Wells Fargo’s scandals didn’t just cause political headaches. The bank’s financial results were hurt by Wells Fargo’s tarnished reputation and soaring legal fees. And Wells Fargo’s stock closed on Thursday 1.4% below its pre-scandal level. By comparison, the S&P 500 has soared 29% over that span and rival bank Bank of America (BAC)has spiked 74%.
By hiring a chief from outside the company, Wells Fargo aims to finally put an end to the damage its scandals have caused.
… The bank — known for its stagecoach logo, recalling its gold-rush roots in San Francisco — prided itself on having a strong, healthy corporate culture.
That image was shattered by scandals over fake customer accounts, unwanted products and unwarranted fees. Still, Wells Fargo looked inside for a solution by naming Mr. Sloan, a three-decade veteran of the bank, to replace John G. Stumpf as chief executive.
Now the board is taking a new approach, searching for a leader from outside, suggesting that the bank’s corporate culture was irreparably tainted.
“The board has concluded that seeking someone from the outside is the most effective way to complete the transformation at Wells Fargo,” Betsy Duke, the chairwoman of the firm’s board, said in a statement.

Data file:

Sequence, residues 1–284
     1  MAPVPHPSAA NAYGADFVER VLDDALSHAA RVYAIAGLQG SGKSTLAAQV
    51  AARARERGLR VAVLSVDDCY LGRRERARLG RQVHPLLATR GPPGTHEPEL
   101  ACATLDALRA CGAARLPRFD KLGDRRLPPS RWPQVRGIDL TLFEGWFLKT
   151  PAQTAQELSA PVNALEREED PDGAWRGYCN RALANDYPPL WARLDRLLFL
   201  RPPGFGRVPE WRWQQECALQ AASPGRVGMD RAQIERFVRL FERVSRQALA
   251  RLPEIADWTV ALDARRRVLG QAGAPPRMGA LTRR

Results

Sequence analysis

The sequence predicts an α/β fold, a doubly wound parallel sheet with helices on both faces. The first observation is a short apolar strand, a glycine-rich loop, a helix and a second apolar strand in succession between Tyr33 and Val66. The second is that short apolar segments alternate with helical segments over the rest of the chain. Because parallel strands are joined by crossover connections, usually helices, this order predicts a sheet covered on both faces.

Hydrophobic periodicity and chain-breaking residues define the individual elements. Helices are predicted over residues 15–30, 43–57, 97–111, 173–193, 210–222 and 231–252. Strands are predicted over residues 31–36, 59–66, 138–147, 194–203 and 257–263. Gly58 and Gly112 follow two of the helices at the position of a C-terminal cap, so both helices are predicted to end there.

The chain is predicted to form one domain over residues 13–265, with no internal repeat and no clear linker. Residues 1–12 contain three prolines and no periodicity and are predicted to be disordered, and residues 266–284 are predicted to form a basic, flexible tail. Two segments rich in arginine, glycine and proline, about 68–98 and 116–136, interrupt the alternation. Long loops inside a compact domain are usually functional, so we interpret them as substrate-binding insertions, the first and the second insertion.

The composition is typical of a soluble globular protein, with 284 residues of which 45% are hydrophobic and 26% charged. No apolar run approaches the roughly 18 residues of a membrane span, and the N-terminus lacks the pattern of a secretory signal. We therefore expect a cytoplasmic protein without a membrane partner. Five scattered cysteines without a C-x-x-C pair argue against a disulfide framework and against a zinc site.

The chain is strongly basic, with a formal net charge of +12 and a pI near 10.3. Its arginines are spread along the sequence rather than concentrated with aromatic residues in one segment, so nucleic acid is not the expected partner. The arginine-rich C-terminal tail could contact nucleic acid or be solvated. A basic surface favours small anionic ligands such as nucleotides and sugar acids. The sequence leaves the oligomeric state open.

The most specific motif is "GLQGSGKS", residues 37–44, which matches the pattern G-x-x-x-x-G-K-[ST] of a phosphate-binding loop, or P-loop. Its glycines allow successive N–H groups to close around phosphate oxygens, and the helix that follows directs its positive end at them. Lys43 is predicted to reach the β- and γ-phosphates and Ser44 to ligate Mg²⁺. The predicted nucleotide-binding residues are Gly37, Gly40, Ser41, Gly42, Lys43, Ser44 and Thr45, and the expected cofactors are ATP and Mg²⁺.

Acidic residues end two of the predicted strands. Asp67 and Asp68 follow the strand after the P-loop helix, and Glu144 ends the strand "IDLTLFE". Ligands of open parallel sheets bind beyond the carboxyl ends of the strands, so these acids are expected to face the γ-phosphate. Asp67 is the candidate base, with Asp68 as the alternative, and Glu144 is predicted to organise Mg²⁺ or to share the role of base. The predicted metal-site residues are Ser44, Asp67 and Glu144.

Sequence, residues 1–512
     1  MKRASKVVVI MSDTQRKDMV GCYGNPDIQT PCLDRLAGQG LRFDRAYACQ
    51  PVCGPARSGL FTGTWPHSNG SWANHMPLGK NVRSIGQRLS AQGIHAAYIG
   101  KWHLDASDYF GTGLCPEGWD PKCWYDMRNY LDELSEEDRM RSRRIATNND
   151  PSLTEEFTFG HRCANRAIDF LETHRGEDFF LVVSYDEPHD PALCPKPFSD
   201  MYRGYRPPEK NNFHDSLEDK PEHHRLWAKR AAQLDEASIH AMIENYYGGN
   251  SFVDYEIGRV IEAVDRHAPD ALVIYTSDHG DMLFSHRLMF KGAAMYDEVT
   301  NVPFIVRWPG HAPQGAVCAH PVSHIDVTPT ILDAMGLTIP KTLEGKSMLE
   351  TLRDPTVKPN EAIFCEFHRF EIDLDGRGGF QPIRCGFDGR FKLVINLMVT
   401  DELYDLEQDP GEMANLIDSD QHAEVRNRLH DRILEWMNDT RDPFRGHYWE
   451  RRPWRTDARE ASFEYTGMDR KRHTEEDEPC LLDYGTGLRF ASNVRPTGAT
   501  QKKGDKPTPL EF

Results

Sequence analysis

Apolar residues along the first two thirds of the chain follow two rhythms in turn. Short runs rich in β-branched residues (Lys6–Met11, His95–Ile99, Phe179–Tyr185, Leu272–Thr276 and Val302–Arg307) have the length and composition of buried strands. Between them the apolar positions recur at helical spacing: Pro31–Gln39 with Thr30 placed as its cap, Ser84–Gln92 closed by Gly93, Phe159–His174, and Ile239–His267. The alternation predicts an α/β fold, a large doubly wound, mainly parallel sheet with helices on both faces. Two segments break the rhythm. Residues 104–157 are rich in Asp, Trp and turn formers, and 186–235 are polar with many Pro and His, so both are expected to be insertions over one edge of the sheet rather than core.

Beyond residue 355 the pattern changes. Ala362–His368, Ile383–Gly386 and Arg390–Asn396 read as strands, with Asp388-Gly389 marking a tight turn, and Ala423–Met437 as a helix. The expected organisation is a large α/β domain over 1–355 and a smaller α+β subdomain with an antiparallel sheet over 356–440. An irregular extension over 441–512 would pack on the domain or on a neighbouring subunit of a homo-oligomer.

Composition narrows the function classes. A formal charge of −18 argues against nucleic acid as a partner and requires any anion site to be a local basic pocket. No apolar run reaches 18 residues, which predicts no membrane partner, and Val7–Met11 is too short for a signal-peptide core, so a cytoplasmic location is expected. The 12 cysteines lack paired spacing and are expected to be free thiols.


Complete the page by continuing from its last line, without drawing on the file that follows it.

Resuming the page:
Wells Fargo said it hopes to find a new chief executive in the next three months, but it might take longer than that to decide on a new leader—especially with the uphill battle the new executive will face.
Most of the time, when the CEO of a big bank retires, the company’s board has already picked a successor, and that person is usually already working at the bank. That happened recently when Goldman Sachs‘ Lloyd Blankfein resigned after 12 years and president David Solomon was made CEO.
… Wells Fargo’s next leader will have to be comfortable working under the glare of regulator tops, politicians, media and customers. During his four-hour Congressional drubbing, Sloan said that the bank was operating under no less than 14 consent orders from regulators.